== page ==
Mr. Bradshaw: The Government and the Devolved Administrations published their response to the Independent Review of UK Avian Quarantine on19 April. This is available on the Defra website: http://www.defra.gov.uk/animalh/diseases/control/avianquarantine/pov-strategy/index.htm
The Government and the Devolved Administrations either accept, or accept in principle, 29 of the 32 recommendations. However, some of the responses are preliminary, pending further consultation with stakeholders or the completion of further studies. For many of the recommendations, the European Commission would be responsible for taking forward any necessary action. Two of the recommendations require further consideration, and one recommendation regarding pet birds has been rejected. These are detailed in the Government response.
There is currently an EU ban on imports of captive wild birds, which is due to expire on 31 July. A decision on whether to extend the ban will be taken at the EU Standing Committee on the Food Chain and Animal Health in June.
The key elements of the Government response are currently being implemented and will be in place before imports resume. In addition, all approved quarantine premises will need to be reassessed against revised standards before they can accept any birds into quarantine.
In April 2005 the European Commission requested the European Food Safety Authority to carry out a review of the animal health and welfare aspects of imports of captive wild birds, which is due to report in October 2006. This will inform EU policy and we await their opinion with interest.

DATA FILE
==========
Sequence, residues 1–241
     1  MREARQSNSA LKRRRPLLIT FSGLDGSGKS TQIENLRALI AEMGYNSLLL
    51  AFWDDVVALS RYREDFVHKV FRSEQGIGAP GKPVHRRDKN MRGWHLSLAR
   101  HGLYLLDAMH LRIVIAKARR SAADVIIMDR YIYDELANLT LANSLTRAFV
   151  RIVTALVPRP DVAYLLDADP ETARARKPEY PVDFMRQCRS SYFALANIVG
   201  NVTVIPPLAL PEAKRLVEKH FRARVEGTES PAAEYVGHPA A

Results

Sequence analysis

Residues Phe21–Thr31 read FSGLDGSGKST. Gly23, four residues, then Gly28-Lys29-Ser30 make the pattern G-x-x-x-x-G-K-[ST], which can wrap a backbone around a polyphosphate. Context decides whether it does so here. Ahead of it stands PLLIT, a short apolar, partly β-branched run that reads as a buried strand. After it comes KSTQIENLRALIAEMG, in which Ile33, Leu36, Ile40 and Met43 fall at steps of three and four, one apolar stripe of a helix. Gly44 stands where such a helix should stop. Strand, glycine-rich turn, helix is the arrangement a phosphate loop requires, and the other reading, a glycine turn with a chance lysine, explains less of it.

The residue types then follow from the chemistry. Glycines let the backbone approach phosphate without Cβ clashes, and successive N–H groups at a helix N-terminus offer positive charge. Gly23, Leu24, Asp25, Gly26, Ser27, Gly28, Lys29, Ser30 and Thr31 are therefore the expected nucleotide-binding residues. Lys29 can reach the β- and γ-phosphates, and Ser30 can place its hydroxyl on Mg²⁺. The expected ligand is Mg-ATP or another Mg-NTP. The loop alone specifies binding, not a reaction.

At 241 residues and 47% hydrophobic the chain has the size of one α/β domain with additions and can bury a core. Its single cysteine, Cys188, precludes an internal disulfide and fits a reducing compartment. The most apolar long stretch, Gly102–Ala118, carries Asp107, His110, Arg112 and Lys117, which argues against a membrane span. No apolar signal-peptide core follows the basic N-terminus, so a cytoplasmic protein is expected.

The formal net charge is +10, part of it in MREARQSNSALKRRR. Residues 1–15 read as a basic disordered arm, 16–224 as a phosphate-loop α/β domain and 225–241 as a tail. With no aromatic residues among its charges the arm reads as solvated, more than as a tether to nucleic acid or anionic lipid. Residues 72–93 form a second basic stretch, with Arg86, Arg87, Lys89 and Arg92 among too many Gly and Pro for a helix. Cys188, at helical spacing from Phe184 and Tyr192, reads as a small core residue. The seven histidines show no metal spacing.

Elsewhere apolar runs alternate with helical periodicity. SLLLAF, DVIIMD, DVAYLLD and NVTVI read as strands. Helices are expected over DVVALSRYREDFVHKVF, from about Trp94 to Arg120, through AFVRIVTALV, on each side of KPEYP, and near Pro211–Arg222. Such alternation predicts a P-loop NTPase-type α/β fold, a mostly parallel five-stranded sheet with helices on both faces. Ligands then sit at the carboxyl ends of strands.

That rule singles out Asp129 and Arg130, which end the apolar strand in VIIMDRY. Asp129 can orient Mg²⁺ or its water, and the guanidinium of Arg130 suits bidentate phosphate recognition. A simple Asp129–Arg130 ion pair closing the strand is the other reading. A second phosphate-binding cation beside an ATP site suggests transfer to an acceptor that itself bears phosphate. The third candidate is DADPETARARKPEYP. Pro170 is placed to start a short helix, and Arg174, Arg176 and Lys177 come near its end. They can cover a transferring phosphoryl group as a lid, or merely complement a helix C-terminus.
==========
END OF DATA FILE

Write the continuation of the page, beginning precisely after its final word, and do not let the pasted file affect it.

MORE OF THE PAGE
Mr. Bradshaw: Science Advisory Council (SAC) advice on bovine TB was taken into consideration by the Chief Scientific Advisor when formulating his guidance to Ministers on new measures to tackle the disease, announced on 15 December 2005.
Defra provided the SAC with an update on bovine TB activity at a meeting on 12 January 2006.Draft minutes of the meeting are available on the Defra website at: http://www.defra.gov.uk/science/how/advisory06a.htm.
Mr. Drew: To ask the Secretary of State for Environment, Food and Rural Affairs if she will expand the farm management questionnaire in the Case Control Study 2005 (CCS 2005) to include more farmers and landowners in the survey and to add additional animal health officers as participating bodies.